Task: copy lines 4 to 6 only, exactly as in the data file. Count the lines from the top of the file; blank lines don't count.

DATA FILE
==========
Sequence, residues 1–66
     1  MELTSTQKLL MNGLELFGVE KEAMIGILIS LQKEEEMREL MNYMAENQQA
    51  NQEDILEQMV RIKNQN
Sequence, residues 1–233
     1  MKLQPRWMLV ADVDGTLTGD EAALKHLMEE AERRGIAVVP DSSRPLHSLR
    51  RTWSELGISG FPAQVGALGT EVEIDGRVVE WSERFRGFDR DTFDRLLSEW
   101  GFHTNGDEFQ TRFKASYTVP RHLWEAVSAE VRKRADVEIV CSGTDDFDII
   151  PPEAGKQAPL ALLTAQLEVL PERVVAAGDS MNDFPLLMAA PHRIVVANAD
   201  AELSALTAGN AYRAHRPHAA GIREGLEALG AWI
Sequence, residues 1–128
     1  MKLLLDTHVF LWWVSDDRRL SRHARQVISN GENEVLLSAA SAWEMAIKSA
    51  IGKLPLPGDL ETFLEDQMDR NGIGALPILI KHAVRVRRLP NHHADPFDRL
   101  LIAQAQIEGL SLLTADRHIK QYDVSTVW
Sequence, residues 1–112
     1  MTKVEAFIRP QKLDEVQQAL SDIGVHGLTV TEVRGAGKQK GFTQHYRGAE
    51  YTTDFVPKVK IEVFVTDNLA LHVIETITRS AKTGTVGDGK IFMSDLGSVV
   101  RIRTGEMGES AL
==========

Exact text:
Sequence, residues 1–233
     1  MKLQPRWMLV ADVDGTLTGD EAALKHLMEE AERRGIAVVP DSSRPLHSLR
    51  RTWSELGISG FPAQVGALGT EVEIDGRVVE WSERFRGFDR DTFDRLLSEW